He Took a Life at Age Twenty-Three

He Took a Life at Age Twenty-Three

Lexi Sielaw, Staff Writer

 In honor of Red Ribbon Week, a reminder to be safe this holiday season. 

Once people reach the legal drinking age, they are more vulnerable to kill themselves or others behind the wheel.

A video on Youtube, “Drinking & Driving – Nathan Harmon’s Story” shares  Nathan’s story.  At 23, he was responsible for taking a life while drunk driving.  Now Nathan is 10 years sober and speaks to over 200+ schools about his experience and his life changing story. 

On July 17, 2009 he and his friends decided to go to the bar.

Nathan wasn’t legally allowed to even go to the bar because three months prior to this night he got a DUI. From his DUI he was on probation and had a revoked license. Nathan told his friends he would “absolutely not” be driving home or be the designated driver. 

A girl named Priscilla showed up to give Nathan a ride home. By the time Priscilla and Nathan walked out to the car, he didn’t know how but she gave him the keys to drive.  In the video, he said, “I remember the atmosphere. I remember what was being said, I remember everything every part of it.”  

What he remembers most vividly is Priscilla’s final words to him, “Tree!” After the crash when the paramedics showed up there was only one person in the vehicle who was Nathan. When he hit the tree he was driving around 60-62 mph while flying into complete impact no brakes, he didn’t even try to stop. Priscilla, who didn’t have her seatbelt on, catapulted forward and hit the windshield with the pack of beers and she fell to the floor of the car.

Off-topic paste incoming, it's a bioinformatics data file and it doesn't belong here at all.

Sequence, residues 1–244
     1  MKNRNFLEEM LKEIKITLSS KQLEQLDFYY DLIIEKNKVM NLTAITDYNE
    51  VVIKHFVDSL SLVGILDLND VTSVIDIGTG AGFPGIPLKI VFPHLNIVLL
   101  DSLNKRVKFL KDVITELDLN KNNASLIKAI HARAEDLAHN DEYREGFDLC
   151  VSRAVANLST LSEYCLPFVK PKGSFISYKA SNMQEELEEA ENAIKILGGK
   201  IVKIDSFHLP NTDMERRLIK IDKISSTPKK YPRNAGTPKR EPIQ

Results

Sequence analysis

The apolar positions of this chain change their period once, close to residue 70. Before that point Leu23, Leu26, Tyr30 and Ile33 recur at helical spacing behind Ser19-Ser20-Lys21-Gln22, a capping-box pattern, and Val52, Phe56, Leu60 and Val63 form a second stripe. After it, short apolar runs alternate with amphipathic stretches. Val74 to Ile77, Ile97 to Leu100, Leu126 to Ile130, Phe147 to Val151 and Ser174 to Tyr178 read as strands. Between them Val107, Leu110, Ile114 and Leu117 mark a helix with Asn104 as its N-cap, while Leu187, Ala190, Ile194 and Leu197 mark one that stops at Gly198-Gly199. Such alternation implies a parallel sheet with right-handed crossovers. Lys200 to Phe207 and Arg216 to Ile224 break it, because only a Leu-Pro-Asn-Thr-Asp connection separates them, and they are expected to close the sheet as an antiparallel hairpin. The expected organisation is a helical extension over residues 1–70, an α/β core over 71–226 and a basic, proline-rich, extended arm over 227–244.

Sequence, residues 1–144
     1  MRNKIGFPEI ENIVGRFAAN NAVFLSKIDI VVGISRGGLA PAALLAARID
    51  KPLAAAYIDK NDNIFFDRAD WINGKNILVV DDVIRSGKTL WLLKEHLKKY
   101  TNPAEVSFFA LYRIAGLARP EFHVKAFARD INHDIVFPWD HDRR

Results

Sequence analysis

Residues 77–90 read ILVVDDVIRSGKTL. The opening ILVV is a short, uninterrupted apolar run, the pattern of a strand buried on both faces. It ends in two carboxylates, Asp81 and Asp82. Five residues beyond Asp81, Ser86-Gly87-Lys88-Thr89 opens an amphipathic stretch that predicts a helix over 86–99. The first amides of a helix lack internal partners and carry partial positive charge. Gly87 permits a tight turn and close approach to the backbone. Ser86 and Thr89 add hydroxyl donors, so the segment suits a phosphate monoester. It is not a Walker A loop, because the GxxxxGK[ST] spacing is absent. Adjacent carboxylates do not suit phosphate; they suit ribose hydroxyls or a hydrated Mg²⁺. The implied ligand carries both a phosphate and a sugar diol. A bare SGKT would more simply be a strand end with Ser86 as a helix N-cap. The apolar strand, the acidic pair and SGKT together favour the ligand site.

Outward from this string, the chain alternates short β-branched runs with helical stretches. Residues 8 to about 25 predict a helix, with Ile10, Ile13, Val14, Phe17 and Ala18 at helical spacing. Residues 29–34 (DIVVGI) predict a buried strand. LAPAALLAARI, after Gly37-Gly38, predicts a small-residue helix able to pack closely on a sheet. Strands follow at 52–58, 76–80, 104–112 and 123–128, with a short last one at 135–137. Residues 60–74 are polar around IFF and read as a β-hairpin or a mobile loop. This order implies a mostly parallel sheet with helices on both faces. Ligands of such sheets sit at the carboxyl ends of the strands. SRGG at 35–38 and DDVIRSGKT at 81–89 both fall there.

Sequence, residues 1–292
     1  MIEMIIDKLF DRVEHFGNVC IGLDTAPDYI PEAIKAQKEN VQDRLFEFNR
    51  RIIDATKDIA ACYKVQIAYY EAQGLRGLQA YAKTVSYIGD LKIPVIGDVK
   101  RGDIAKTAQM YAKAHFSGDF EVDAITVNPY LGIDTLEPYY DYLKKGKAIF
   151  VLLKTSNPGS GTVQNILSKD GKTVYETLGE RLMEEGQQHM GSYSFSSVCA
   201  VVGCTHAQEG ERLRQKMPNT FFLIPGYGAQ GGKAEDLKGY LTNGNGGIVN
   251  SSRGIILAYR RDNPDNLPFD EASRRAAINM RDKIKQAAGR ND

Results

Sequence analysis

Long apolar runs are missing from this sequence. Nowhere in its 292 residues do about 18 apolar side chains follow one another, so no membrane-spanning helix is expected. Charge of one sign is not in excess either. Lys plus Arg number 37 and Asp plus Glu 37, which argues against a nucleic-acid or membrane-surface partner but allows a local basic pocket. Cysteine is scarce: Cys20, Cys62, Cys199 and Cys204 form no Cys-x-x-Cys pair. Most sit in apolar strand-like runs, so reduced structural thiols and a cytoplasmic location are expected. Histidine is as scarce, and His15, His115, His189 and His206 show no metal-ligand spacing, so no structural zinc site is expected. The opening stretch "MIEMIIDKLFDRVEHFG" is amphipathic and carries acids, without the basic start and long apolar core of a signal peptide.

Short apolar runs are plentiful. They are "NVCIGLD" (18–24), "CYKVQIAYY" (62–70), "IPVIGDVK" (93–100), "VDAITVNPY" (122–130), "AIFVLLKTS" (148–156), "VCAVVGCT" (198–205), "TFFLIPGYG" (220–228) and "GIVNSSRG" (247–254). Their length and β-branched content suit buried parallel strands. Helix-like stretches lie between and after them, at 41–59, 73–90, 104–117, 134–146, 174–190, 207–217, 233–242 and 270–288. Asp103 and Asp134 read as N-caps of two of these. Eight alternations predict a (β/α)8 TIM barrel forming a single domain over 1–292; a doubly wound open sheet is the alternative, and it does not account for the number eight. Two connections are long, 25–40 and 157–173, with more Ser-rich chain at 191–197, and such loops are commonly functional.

Nobody would tell Nathan if Priscilla was dead or alive so he waited for the paper to arrive the next morning. He read the headline “Crash Victim Dies.”  At the age of 23, Nathan Harmon was responsible for taking a girl’s life, all from making one bad choice. 

Priscilla’s family asked Nathan to reach out to them whenever he could and so he did, when he called her family all he could say was sorry. Sorry for what he did, he could never give them their daughter back. Priscilla’s family told Nathan they forgive him and all they wanted Nathan to do was make the world a better place and “ Don’t let Priscilla die for nothing, make a difference.” July 17th forever changed Nathan’s life and was a wakeup call for him. 

Speaking to our SRO Officer Kirwin, he shared an experience when he was with the fire department. He was called to a drinking and driving crash site and the most frustrating thing for him was that the driver didn’t think he did anything wrong. 

“Drinking and driving has severe consequences and impacts.  It could hurt someone in your own family and it’s not just about being arrested,” Officer Kirwin said.

Drug and Alcohol abuse counselor Elise Imbert, who works at Seafield, pointed out that most people she counsels thought they were perfectly capable of driving, even when drunk.  It is important to have a ride figured out so you aren’t making decisions when drunk.

Drinking and driving, if it doesn’t end with death, will lead to huge problems in your life.  Imbert said, “You’ll be left with exorbitant financial and legal consequences combined with extreme guilt and remorse.”